Cookware: Photos of Our Unique Cookware

My pot lid holder is called Mr. Large Foldback Clip. He came from Staples. His identical siblings seal cellophane bags and keep the tubes of toothpaste and anchovy paste rolled up. Sometimes they have a family gathering where all 4 of them hold parchment in place on a sheet pan for baking cookies.

I have my mother’s unmarked pepper mill, probably from Germany and about 80 yrs old. Small carved-out wooden barrel, with a steel grinding mechanism that still does a perfect job on fine grind, which is the only way Mom used it. It might be possible to adjust for a coarser grind but I don’t want to risk breaking something. I had a grandfather who carved. He died when I was an infant; it’s possible he made the mill.

Ah, don’t hate because no one made you a moose. :smile:

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Photo, photo, photo.

Chem, I care enough to show you imports. :slight_smile:

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Sorry, crappy camera. Besides, the mill is totally nondescript, and I think you know what the clips look like.

Thanks for clips, but I think greygarious (later) also mentioned a peppermill possibly made by his grandfather. That would be nice to have too.

this is my Great Grandma Anna’s Chitarra. She emigrated from Abruzzi in the early 1900s leaving her beaux and her beautiful mountain fortezza hometown for marriage to an older Campagnese Man in the Bronx. but this must have come later. Perhaps a relative brought or sent it. It sits on a shelf in my kitchen with his tin cafe neopolitano but I have yet to make Maccheroni alla Chitarra but i will. Before this surfaced i had bought my mom a new one from Fante’s they are remarkably similar but this is nickled cast iron the modern one is cast aluminum. For scale it is 21 inches long.


Great photo. Nice story. Do you know how to use it? (I don’t).

Yes. You have to roll the sheets of pasta first. presumably by hand although I am sure I can use the atlas, the press them through the strings with the roller. The metal plate slides out. There are different thicknesses on each side. The resulting pasta is square in profile. Mom says when she was growing up they would cover a bed with plastic to lay out the pasta and would make it all day for the Easter feast.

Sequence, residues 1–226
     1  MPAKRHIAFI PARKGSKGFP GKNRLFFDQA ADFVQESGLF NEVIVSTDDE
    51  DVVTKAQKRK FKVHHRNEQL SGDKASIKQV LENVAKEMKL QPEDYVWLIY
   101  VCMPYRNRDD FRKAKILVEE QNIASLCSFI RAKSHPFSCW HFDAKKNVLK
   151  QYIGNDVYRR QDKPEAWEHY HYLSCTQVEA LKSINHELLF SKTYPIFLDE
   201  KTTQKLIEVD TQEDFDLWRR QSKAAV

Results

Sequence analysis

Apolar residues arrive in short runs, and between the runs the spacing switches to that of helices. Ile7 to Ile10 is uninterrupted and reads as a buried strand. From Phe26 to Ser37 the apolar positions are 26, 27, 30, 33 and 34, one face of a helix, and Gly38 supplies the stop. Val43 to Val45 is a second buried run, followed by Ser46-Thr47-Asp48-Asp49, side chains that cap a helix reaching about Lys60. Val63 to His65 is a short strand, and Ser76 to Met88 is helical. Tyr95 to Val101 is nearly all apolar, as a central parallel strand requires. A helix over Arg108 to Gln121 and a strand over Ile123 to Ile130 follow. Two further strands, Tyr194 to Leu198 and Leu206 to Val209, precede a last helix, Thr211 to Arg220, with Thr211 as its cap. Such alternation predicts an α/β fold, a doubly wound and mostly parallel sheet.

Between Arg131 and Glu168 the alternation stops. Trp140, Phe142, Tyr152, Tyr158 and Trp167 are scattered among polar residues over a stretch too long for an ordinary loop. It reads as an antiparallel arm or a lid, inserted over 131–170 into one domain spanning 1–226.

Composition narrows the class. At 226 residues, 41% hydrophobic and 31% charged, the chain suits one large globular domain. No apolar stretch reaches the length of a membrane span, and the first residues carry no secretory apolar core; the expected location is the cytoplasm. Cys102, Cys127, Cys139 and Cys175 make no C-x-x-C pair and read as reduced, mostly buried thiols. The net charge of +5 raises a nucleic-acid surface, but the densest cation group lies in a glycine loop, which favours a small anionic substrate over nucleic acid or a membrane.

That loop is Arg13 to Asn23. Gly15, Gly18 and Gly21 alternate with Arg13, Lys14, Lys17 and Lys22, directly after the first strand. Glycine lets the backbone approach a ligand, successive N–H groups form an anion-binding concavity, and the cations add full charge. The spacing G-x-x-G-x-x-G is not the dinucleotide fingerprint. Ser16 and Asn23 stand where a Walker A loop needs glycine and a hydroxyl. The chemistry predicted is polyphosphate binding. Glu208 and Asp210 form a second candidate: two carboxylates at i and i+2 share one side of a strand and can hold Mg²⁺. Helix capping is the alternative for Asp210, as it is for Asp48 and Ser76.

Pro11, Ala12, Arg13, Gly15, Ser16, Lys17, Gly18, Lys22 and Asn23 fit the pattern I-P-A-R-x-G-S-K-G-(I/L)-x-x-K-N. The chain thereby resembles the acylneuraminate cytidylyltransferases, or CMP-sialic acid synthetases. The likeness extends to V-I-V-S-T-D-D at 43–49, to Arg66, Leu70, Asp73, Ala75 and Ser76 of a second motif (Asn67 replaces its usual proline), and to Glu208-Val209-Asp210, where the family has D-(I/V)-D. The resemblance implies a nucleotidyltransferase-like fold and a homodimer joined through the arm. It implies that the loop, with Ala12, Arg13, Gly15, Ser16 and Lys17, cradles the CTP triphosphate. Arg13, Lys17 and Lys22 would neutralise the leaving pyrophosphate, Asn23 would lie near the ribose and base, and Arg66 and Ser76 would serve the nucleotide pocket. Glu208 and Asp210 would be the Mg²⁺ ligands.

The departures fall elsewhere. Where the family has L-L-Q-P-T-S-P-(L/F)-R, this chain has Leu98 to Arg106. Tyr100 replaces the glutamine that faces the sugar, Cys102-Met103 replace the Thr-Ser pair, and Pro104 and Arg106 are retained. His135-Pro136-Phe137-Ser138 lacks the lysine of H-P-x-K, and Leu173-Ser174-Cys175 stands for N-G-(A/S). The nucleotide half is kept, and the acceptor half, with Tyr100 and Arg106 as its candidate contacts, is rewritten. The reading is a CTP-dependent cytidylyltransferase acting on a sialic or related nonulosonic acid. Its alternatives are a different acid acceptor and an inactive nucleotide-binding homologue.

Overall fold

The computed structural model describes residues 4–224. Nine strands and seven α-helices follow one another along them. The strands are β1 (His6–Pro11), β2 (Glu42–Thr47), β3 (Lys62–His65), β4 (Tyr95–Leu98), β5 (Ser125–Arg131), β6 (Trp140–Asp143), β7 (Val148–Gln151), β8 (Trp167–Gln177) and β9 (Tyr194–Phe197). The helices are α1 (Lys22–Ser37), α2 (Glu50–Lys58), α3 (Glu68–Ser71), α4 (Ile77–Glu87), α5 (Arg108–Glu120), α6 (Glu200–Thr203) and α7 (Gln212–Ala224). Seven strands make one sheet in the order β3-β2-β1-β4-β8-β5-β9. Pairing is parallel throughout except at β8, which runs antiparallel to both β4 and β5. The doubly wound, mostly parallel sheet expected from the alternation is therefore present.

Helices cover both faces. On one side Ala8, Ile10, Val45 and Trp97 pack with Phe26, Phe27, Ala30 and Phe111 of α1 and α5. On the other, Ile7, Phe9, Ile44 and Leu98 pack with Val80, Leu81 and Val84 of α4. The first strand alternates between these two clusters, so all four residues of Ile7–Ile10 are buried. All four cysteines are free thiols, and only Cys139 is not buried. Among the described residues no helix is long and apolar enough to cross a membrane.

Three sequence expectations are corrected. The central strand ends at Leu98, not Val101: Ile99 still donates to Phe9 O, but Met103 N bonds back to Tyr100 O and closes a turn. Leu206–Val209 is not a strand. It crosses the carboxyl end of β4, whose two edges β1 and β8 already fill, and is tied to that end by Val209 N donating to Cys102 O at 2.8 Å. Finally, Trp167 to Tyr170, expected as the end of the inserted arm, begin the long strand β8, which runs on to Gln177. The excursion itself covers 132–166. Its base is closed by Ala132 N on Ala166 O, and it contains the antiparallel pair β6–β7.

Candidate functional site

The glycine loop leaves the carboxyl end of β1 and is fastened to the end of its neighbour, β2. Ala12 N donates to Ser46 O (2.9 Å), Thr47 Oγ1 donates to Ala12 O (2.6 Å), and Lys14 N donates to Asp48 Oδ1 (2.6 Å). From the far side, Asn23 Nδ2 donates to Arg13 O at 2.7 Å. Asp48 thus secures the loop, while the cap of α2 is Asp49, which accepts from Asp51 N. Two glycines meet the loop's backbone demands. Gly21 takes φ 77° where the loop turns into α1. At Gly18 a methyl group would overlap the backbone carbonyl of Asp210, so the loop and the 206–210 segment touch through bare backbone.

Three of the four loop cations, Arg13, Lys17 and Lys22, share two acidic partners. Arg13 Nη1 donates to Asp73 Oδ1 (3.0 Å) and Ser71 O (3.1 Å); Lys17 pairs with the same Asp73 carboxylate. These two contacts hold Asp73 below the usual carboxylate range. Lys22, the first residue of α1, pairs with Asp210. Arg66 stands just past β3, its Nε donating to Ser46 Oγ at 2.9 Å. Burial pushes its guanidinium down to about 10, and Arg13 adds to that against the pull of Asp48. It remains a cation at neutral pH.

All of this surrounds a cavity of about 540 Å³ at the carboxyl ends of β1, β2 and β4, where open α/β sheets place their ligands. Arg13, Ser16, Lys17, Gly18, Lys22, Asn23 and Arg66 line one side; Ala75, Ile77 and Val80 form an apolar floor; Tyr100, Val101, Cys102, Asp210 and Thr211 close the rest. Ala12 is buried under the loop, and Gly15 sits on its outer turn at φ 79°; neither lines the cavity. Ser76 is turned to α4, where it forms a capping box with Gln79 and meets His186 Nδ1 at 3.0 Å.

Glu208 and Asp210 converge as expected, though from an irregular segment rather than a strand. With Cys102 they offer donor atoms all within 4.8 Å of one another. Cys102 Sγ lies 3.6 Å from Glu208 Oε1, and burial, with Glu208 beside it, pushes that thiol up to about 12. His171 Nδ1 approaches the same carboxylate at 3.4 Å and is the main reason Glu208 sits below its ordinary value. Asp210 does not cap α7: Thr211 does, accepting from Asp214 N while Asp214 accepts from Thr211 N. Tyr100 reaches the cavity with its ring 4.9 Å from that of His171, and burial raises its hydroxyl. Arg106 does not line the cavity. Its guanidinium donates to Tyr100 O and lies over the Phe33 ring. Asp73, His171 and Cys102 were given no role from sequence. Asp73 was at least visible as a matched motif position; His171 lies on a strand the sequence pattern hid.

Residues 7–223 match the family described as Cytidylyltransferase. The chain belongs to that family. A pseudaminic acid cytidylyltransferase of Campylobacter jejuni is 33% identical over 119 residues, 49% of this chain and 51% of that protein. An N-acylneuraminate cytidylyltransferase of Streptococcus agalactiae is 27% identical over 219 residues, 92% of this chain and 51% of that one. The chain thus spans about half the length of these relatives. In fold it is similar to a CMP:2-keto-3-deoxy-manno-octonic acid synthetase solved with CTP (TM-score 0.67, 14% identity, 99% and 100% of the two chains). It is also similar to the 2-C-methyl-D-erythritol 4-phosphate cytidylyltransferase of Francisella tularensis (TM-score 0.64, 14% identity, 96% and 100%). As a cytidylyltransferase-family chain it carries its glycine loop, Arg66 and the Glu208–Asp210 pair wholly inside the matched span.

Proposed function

I see. It is kind of like the egg slicer.

Yeah, pretty much. It seems a bit inefficient I am not surprised the Chitarra never caught on outside of Abruzzi

It looks like a zither–a very painful zither. :wink: Quite cool, however, and a cultural heirloom to boot.

Funny about pasta on the bed. We made pasta this summer and spread it all out over sheets on a very large table in addition to the counter!

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Maybe it sounds stupid, but I will ask anyway.

Does this mean the sheets or the beds needed to be wash before and after?

These are nice, clean sheets–washed before and after.

But JT is saying they covered the bed with plastic. Either way, I’m sure people took care to keep things tidy.

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OMG those old Italians kept everything immaculate, squeaky and polished I am sure there was not a grain of semolina left as evidence but personally sleeping in a bed with the lingering essence of freshly made pasta does not sound too bad

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Chem, I remember your chopping block well…Looks like fir or pine? I still need to finish my tree trunk block project

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I remember you make your own end grain cutting boards, right? Want to post one with a story?

Been trying to make the style you have, tho they keep cracking. My latest is cut into 1/4’s and I need to re-assemble…here’s the start process before going to dry:

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Wow, the manliness :sunglasses:

(I will need to watch some more movies about the orcs now…)

Vodka and sharp cutting tools…what could go wrong? :stuck_out_tongue_winking_eye:

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“Food is a pretty good prism through which to view humanity.”

― Jonathan Gold